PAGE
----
These prayers resulted in the saving of the town of Richelieu from an epidemic of Cholera in the 19th century.
Now re-furbished and de-rusted. 

'It's him wot dun it' - Cyr, that is,
just in time for the Assumption of 14 August 2012
Thanks Cyr - she is lovely now; as befits the Virgin Mary!

Cape et Epée 2012 - the movies

the Dark Cavalier...

The little town comes to life with thousands of visitors who enjoy seeing the place inhabited by various bands of historical re-enacters. And having a good lunch together in the market square...

In the evening the jollity continues with dancers and FIRE EATERS?

Sunday 8 July 2012

Fly over Richelieu

Wednesday 4 July 2012

Friday 29 June 2012

Old postcards - la Gare

the 1906 postcard's view today; from a little closer to the station
 a Google Earth version 29 June 2012 - more wide-angle

15 September 1906, a day for your sabots..


Tuesday 26 June 2012

Pictures of the chapel of the Sorbonne

the location of the Sorbonne
Last resting place of the cardinal, the Chapel of the Sorbonne in Paris, is hard to get inside.  So I hope Peter of will not mind the Abbé adding these to our collection of images of the Paris world of the cardinal duc himself.
click here for other posts on the Sorbonne and the cardinal's sepulchre.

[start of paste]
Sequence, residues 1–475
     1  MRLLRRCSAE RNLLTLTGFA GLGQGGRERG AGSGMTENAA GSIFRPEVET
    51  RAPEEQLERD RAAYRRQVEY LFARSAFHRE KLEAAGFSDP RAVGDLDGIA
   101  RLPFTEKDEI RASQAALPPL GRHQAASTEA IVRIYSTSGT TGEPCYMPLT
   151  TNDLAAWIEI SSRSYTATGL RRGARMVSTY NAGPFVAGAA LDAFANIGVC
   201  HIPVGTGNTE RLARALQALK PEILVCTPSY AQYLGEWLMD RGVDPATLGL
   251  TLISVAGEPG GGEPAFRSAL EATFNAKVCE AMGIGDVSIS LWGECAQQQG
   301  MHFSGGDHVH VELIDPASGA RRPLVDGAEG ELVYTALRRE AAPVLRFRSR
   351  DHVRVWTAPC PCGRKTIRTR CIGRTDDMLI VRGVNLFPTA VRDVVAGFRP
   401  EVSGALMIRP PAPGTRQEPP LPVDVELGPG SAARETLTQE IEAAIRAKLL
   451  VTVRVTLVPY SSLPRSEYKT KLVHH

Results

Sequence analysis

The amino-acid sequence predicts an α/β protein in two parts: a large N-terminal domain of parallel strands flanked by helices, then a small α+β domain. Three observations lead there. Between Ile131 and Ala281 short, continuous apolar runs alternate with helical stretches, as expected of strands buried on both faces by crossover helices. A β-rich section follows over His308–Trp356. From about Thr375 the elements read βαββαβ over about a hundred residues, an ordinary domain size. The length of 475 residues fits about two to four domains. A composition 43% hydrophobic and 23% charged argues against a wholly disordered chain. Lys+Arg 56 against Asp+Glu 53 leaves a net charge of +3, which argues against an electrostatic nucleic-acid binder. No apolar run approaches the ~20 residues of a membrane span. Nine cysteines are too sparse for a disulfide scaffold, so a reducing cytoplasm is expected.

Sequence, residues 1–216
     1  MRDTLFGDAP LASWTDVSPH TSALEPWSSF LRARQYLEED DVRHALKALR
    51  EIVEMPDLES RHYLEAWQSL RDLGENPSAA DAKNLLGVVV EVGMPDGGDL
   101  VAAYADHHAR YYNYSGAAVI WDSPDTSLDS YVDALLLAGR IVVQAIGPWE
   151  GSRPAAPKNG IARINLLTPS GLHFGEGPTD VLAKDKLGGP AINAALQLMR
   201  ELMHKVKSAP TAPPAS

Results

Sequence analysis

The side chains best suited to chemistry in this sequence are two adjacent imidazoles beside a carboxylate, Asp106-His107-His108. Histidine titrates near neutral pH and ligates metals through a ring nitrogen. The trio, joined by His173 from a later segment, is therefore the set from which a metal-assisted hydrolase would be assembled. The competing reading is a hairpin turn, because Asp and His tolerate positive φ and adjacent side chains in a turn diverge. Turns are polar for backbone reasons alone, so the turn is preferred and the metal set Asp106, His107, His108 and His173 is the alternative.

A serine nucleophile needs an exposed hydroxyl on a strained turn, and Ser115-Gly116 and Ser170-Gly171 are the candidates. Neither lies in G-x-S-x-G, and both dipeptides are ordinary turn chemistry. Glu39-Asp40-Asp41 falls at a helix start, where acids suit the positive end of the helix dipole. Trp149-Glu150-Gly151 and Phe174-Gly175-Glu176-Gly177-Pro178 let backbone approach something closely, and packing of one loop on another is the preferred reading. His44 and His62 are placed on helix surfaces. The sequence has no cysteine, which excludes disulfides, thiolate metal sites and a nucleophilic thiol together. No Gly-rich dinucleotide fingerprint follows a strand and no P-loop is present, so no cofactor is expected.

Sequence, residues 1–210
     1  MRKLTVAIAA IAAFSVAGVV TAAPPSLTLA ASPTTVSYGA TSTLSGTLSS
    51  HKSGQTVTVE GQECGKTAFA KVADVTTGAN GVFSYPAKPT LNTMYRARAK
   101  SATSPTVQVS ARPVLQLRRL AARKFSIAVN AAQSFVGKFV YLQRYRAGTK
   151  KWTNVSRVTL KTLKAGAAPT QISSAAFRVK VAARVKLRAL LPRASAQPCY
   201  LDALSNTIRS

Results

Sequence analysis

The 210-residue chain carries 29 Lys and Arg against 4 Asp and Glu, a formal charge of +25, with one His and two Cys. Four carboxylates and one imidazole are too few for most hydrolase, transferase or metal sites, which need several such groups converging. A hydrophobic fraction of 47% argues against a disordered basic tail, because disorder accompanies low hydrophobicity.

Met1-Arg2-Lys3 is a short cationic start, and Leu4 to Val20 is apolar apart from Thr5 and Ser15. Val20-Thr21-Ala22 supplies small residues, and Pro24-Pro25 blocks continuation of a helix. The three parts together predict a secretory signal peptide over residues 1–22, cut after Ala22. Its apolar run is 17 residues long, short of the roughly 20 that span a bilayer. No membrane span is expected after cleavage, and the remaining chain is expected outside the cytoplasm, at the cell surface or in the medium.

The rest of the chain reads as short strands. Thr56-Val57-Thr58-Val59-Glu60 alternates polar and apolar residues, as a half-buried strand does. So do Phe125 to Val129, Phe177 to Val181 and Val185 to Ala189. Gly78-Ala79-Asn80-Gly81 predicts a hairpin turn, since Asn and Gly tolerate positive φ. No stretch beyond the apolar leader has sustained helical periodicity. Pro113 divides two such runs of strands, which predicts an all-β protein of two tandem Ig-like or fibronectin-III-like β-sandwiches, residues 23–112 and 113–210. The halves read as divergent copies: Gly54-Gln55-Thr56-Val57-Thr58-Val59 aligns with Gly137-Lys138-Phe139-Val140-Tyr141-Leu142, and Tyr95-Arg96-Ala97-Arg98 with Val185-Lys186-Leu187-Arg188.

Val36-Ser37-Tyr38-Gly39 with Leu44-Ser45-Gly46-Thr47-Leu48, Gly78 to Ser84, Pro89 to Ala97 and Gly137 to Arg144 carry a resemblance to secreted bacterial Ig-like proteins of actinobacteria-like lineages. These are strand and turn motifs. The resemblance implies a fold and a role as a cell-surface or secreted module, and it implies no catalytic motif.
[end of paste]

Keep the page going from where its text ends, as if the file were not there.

The external views of the chapel designed by Jacques Lemercier in the 1620s; the minor façade to the internal court of the Sorbonne, the major to the public square without, both in strict Jesuit manner, following Vignola.

the high altar and the cupola from inside

the tomb of the cardinal complete with his magically levitating cardinal's hat

Wednesday 20 June 2012

Expansion of the town's hotel, the Puits Doré

Click on the small blue letters Puits Doré in the 'labels' at the foot of this post to call up photos of the various stages of the reconstruction.

It is impressive that this small rural hotel has had the entrepreneurial courage to expand into this fully 'listed' rear extension and thus increase its commercial viability by increasing the bed spaces.  In doing so, they were obliged to restore the façades, remove the 19th century commercial shop fronts and incorporate facilities for handicapped people within including a lift.

Good luck Puits Doré - we hope tourists will now flood in.